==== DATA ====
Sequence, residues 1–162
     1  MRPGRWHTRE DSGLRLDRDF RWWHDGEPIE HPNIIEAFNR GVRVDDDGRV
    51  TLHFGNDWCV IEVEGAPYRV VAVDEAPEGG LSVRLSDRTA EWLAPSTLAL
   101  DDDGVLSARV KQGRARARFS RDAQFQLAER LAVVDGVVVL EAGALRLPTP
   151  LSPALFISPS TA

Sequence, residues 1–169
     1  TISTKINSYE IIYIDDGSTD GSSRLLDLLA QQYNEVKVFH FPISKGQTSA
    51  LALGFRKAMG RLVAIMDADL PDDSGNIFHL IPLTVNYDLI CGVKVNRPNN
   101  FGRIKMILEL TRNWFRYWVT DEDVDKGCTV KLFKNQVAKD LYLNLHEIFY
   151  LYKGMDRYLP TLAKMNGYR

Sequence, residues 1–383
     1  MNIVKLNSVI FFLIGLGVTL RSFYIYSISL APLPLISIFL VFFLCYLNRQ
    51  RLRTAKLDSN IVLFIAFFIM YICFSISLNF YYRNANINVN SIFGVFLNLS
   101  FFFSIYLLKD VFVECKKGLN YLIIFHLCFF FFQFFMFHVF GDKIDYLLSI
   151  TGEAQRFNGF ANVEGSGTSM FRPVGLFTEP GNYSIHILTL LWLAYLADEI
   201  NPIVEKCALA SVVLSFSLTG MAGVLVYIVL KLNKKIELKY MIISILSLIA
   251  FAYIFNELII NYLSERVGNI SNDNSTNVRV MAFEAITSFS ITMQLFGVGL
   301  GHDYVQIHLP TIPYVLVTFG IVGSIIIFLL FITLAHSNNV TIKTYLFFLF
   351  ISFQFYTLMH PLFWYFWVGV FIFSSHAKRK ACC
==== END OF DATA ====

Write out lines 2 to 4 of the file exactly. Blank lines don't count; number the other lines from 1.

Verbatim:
     1  MRPGRWHTRE DSGLRLDRDF RWWHDGEPIE HPNIIEAFNR GVRVDDDGRV
    51  TLHFGNDWCV IEVEGAPYRV VAVDEAPEGG LSVRLSDRTA EWLAPSTLAL
   101  DDDGVLSARV KQGRARARFS RDAQFQLAER LAVVDGVVVL EAGALRLPTP